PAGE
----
One of the reasons I stay so committed to this Artist’s Way path is that on me it has the long-term effect of a psychological declutter. Yes, I have setbacks, but for the most part this allows me to root out the core unhappiness that restricts rather than fuels my ability to write. What I’ve learned about myself in my three years on this path is that at my core, I’m really happy. Irrationally happy. Happy despite all the crap that floats my way, and that I tap into that core of joy to see me through the toughest parts of life, like when my father was dying. I also learned that the store is finite and needs to be rebuilt and replenished, making basic activities like the artist’s date and creative time free from criticism deeply important.
I’ve also started dipping my foot back in the water of professional writing. Along with the usual maddening responses that happen when you dare show up as a new person somewhere, I’ve noticed some things about the way writers and artists think of themselves. A lot of writers pride themselves on how messed up they are.
I do know other professional writers in my day-to-day. I recently had a bizarrely honest conversation with a man whose talent and drive I totally respect; our lives are similar in that we were both nerds in high school, are madly in love with Doctor Who to this day and often suffered from a feeling of disconnection/I don’t belong. He is gunning for fame, while I am gunning for modest commercial success. When we do get a chance to talk one on one, our conversations often take a bizarre, confessional turn.
In our last conversation, he mentioned someone he needed to schmooze, and I pointed out that generally I see through him. I also like him anyway, despite the schmoozing. I understand why he has to do it. From there, we both mentioned Neil Gaiman, as we both admire his work a great deal. My friend’s observation: “You and I both know that to come up with that stuff, he must be fucked up beyond belief.”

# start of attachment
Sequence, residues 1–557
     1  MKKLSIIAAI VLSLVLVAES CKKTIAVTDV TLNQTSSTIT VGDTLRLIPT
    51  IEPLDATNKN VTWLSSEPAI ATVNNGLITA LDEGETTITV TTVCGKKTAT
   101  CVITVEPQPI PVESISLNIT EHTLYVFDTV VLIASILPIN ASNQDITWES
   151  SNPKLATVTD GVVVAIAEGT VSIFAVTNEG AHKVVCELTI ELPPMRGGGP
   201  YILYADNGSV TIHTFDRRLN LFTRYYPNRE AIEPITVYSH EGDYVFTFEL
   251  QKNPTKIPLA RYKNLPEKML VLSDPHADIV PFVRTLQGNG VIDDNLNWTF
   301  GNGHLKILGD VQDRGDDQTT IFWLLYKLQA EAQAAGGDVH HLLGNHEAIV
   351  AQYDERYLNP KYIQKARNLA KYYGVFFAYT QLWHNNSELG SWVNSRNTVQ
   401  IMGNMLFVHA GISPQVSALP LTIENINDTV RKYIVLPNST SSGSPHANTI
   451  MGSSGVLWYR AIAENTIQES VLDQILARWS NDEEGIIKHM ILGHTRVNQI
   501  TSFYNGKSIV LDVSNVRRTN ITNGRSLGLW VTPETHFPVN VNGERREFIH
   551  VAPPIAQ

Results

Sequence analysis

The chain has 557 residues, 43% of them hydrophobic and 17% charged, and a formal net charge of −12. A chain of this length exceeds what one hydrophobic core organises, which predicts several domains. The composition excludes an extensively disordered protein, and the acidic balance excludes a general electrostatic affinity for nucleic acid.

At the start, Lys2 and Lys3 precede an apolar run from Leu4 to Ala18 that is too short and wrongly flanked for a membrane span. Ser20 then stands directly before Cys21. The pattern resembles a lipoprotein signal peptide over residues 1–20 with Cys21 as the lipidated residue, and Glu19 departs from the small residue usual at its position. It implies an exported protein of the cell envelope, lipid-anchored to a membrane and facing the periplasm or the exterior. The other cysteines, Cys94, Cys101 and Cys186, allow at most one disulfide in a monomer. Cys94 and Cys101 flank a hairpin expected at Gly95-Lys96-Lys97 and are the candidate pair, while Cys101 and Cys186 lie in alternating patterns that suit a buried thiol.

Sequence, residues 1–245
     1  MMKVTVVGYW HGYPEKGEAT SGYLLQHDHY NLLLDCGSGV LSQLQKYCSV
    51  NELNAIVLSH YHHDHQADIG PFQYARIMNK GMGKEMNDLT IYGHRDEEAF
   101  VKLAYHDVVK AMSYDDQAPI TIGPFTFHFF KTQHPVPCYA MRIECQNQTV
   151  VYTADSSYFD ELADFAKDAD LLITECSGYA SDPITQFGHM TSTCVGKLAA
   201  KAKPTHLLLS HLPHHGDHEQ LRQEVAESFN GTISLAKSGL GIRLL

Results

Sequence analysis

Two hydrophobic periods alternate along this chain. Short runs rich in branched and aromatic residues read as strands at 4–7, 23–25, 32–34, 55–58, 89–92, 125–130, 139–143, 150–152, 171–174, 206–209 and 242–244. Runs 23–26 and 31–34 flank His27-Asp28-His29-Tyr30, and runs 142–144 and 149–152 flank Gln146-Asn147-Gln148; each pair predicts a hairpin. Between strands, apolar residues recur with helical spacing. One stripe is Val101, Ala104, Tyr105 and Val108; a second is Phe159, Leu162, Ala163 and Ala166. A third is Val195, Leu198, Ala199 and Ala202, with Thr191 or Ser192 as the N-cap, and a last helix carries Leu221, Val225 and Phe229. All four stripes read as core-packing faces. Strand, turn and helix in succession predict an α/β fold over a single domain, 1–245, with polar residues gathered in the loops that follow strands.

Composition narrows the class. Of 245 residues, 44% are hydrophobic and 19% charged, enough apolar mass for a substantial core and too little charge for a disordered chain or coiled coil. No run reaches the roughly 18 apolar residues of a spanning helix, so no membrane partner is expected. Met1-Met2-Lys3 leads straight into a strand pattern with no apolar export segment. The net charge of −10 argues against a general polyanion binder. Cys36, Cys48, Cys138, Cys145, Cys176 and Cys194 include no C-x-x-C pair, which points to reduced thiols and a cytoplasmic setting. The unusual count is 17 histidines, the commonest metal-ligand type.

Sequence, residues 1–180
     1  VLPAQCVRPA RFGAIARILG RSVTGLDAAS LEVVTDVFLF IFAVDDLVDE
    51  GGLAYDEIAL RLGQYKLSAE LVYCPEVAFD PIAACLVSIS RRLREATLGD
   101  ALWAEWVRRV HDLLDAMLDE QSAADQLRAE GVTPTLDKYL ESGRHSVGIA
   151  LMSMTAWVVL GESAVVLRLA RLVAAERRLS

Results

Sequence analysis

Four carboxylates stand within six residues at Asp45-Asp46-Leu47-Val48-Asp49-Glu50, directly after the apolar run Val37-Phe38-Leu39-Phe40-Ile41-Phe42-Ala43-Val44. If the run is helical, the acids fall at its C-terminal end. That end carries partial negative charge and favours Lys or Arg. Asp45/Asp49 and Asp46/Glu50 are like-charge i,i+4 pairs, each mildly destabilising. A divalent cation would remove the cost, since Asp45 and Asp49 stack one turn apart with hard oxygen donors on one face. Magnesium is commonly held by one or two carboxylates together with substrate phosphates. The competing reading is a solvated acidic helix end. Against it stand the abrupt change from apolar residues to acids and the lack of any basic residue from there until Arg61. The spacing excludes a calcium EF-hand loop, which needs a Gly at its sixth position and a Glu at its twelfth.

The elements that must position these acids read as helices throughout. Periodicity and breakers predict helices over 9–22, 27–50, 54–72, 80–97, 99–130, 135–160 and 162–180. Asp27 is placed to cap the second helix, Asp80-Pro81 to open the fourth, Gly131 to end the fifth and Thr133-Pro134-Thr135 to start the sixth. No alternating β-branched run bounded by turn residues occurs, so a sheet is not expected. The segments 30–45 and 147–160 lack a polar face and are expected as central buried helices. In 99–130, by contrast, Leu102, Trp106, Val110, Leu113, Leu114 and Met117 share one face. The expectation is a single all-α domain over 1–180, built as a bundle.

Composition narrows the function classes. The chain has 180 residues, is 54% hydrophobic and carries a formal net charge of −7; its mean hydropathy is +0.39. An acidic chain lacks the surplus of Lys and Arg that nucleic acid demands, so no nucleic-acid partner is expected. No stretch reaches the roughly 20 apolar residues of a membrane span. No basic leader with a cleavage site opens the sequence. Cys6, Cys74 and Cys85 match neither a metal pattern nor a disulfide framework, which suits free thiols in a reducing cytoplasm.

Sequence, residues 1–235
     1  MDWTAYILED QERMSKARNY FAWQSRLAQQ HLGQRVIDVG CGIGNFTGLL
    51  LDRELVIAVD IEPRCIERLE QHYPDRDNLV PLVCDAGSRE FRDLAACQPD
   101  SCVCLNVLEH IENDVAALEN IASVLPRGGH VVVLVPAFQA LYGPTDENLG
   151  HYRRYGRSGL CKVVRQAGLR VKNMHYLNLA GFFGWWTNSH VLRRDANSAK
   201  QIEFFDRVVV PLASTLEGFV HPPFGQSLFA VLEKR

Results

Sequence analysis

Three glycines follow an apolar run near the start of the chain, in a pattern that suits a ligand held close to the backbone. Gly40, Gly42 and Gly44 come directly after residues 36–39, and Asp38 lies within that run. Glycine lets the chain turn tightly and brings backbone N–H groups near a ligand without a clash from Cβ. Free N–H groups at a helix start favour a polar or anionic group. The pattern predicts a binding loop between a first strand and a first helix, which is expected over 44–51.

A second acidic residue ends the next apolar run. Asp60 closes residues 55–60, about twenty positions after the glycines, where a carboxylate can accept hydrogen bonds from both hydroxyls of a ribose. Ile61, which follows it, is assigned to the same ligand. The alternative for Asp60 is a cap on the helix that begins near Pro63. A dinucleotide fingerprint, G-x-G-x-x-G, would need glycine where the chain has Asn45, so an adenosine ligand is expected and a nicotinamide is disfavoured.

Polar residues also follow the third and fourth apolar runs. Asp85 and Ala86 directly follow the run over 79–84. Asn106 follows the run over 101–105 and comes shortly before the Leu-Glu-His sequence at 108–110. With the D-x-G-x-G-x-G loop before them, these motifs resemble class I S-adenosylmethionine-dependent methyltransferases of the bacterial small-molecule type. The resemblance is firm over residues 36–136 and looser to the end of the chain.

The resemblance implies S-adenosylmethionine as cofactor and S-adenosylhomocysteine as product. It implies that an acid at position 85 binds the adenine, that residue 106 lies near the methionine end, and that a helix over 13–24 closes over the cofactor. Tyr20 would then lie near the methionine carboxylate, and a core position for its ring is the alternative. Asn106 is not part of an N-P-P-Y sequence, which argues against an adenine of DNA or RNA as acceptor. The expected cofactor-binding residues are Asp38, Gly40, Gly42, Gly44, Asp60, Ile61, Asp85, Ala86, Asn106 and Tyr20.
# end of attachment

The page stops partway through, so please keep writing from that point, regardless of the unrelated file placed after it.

I nodded my agreement, even though I didn’t – we were in a crowded bar, and he had schmoozing to commence. I didn’t want to argue that no, you don’t need to be fucked up in order to write. You can just put your crazy on the page, and let it make its own world, let it find its own way to sanity. I really believe that.
But I also write mostly nonfiction, and allowed pretentious grad students to scare me out of fiction writing years ago. I could be very wrong. I also recently read in a book I’m reviewing how Kafka, Hemingway and others actually created or reinforced their realities through their writing. … and writing happy things generally doesn’t sell. This could, however, explain the success of Danielle Steele.
I don’t think I have to be a mess to write well. I think I can use writing to wrestle my demons to the ground and conquer them. I also don’t think my friend would understand this view.